Pedestrians walk alongside construction at the intersection of Free, High and Congress streets, which has closed Free Street to traffic for months, on Thursday. The city has told contractors to reopen the street by Wednesday. Brianna Soukup/Staff Photographer

Portland officials say they’ve ordered contractors to reopen Free Street to traffic by the end of business Wednesday following months of delays on work at one of the city’s busiest intersections.

“I believe they will open the street next Wednesday,” said acting Director of Public Works Mike Murray, though he added the road may periodically close again as work continues on the redesign of Congress Square.

“The idea is to keep that street open as much as possible,” Murray said. “We are running out of (good) weather time and we need to have the street open for winter operations.”

The road has been closed since April. Reopening it would mark an important step in the $7.2 million project, which began last spring, to remake the intersection and neighboring Congress Square Park.

Officials at the time estimated this part of the project – revamping the corner of Free and High streets – would be done by mid-June. The entirety of the first phase, which includes reconfiguring traffic flow and sidewalks around the intersection, would have been completed by June 2023. Murray said the city doesn’t have a new timeline yet.

Patrons eat at Marcy’s Diner on Thursday. The owner of Marcy’s has been vocal about how Free Street being closed to traffic has negatively affected the business. Brianna Soukup/Staff Photographer

“We haven’t determined next year’s construction schedule yet because we didn’t anticipate there would be a next year,” Murray said.


But even with Free Street expected to reopen to traffic next week, the corner outside the Portland Museum of Art remains under construction and the sidewalk will remain closed. It’s not clear when that work will be finished and the city is bracing for the possibility that winter weather could halt work before it’s done, Murray said.

Drew Straehle, the chief operating officer of Gordon Contracting, the firm working on the first phase of the project, did not respond to phone or email messages Thursday asking about the status of the work. The voicemail boxes for both the office and cell phones of Gordon Contracting President and CEO Brian Howard were full and Howard did not respond to an email or text message asking for comment about the new deadline.

The city and contractor have sparred over delays in the project. In August, Portland said it was considering declaring a contractor default and asked Gordon to meet with its bond company in hopes of speeding up work on the project. City policy requires that all projects over $125,000 be bonded as a way of protecting city funds and guaranteeing work gets done at the cost outlined in a contract.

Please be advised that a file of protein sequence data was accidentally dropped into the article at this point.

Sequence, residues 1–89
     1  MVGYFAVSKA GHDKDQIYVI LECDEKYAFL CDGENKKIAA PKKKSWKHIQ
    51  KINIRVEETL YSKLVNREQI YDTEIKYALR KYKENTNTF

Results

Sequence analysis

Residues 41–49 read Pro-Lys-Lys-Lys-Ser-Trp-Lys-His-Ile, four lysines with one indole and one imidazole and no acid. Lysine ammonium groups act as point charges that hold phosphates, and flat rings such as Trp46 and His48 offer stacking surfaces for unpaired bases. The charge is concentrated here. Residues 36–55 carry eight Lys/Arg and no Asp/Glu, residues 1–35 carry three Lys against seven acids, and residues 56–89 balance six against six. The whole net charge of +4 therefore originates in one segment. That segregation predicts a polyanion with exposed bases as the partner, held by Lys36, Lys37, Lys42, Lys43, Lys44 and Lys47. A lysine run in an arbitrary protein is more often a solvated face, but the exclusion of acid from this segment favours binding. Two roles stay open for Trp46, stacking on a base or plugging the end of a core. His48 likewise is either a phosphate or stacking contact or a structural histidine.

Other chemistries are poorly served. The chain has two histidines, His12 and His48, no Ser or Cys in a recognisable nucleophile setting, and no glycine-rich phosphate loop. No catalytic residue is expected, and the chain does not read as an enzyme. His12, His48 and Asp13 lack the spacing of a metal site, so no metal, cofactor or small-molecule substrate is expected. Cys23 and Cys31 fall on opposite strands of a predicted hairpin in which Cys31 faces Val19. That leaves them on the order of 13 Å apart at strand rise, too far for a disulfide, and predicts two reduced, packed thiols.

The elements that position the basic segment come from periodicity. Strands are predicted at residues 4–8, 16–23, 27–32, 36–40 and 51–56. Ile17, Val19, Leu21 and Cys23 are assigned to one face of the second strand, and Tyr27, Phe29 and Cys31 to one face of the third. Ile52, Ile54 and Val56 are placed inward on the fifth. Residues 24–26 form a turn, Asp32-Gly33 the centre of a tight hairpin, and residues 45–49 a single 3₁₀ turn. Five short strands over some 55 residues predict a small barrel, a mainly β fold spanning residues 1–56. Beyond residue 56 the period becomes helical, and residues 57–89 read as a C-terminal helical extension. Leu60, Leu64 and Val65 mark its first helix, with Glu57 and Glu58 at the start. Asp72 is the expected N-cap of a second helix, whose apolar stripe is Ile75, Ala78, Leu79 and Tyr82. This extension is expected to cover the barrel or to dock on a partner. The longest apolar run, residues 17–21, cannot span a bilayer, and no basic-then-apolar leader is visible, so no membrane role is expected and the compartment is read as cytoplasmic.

Construction at the intersection of Free, High and Congress streets has closed Free Street to traffic for months. Brianna Soukup/Staff Photographer

Gordon at the time said there was no need for the meeting and the company was committed to finishing the project.

Murray said the bond meeting was held and “we continue to work with the contractor to complete as much of the project as possible before we are forced into a winter shutdown.”

Asked if the city is considering switching contractors, Murray said the current focus is on getting as much done as possible and officials will reassess if they have to stop work during the winter.


“We never anticipated this corner would take as long as it has taken,” he said.

The delays have been caused by a number of issues, including a need last spring to make alterations to underground utility vaults, which set the project back several weeks. The city said that while that issue was resolved in mid-July, Gordon left to work on a project in another community and did not return to the Congress Square site for several weeks.

The company said it ran into a number of unforeseen obstacles, such as a ledge underneath the site, and that delays were caused by a need to renegotiate terms with the city because of changes in the scope of the work.

Construction on Free Street is seen from the window of the neighboring Starbucks on Thursday. Brianna Soukup/Staff Photographer

Recently, bad weather and sub-contractor work have further added to delays, though Murray said they have not led to any more costs to the city.

The months-long closure of Free Street has caused frustration for nearby businesses. In September, the popular Dogfish Bar & Grille closed indefinitely, and the owner said the city’s reconstruction of Congress Square was a factor.

“We understand how frustrating this has been for businesses and residents in the area,” Murray said. “We wish we weren’t still on this phase, but we are working with the contractor, again, to get as much completed as possible before weather conditions prohibit us from doing that.”

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